A bizarre “spine-brush complex” is found only in extinct symmoriiform chondrichthyans (Order Symmoriiformes). Its structural complexity makes the spine-brush complex a rich source of morphological characters for phylogenetic analysis, and it has been used as a basis for their family-level subdivision. Development of the complex is sex-linked in one of the three symmoriiform families customarily recognized (Falcatidae), but its distribution within members of the other two families (Symmoriidae, Stethacanthidae) is poorly documented. Consequently, earlier family-level diagnoses (which were largely based on the presence or absence of the spine-brush complex) are probably misleading. Some features of the spine-brush complex can be homologized with structures found in “normal” shark dorsal fins, suggesting that the spine-brush complex is a highly specialized first dorsal fin. The spine-brush complex may have arisen by co-option of the first dorsal fin module, possibly involving its suppression in females and postdisplacement (delayed development) in males, plus acquisition of several apomorphic traits, unlike in chimaeroids and actinistians where co-option of the first dorsal fin module is not sex-linked or developmentally postdisplaced. The evolutionary history of dorsal fin modularity is examined. In gnathostomes, co-option is typically confined to the first module, whereas the second is more highly conserved, retaining its functional role in aquatic locomotion.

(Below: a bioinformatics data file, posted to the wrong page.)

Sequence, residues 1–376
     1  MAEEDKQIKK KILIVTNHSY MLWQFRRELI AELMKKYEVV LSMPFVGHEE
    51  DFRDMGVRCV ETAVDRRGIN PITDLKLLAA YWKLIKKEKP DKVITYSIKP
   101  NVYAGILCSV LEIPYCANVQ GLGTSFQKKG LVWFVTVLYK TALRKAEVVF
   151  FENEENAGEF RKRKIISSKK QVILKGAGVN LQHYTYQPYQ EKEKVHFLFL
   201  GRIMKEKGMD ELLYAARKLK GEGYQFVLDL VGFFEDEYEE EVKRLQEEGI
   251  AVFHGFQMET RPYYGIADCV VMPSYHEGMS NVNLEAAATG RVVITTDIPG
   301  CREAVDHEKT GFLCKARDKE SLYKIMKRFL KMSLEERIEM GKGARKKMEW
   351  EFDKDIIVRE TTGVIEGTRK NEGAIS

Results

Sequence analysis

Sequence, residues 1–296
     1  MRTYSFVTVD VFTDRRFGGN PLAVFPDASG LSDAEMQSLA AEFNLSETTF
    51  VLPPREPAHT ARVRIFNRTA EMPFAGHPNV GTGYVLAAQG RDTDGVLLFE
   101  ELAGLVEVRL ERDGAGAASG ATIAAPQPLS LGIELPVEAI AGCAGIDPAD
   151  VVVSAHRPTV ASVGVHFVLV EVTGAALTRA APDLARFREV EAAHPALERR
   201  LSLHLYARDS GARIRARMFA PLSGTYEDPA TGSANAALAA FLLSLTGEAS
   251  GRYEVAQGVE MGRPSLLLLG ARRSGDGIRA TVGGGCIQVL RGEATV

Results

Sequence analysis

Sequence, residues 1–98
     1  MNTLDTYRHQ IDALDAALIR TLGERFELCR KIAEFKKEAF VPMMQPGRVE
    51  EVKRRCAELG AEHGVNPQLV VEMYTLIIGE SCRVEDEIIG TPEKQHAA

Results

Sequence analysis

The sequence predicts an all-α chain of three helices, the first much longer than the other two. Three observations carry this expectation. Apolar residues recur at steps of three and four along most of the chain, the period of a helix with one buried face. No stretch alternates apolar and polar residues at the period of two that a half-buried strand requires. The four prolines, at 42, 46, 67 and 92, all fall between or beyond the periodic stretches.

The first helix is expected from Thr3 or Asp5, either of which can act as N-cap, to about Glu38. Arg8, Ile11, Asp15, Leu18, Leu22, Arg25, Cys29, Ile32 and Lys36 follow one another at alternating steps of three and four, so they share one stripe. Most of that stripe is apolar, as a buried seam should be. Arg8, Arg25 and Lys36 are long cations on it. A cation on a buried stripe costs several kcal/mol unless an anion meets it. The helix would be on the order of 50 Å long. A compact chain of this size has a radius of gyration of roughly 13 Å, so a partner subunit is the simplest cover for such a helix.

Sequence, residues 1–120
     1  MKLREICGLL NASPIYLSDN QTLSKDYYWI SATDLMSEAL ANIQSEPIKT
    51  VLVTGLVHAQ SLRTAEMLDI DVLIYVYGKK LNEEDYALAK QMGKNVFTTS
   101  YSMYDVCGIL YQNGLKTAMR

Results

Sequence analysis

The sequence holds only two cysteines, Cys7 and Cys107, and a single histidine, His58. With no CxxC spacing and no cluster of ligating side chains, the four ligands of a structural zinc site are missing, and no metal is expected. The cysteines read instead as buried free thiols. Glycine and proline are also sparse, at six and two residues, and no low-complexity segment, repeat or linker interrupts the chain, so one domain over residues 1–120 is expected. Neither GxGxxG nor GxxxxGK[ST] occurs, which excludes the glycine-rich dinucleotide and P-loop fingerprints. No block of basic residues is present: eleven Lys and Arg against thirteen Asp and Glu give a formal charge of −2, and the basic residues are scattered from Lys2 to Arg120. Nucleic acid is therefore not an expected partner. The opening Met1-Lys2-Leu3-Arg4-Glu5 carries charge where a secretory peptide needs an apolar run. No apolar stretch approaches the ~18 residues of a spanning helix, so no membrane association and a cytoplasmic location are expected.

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Vol. 29 • No. 1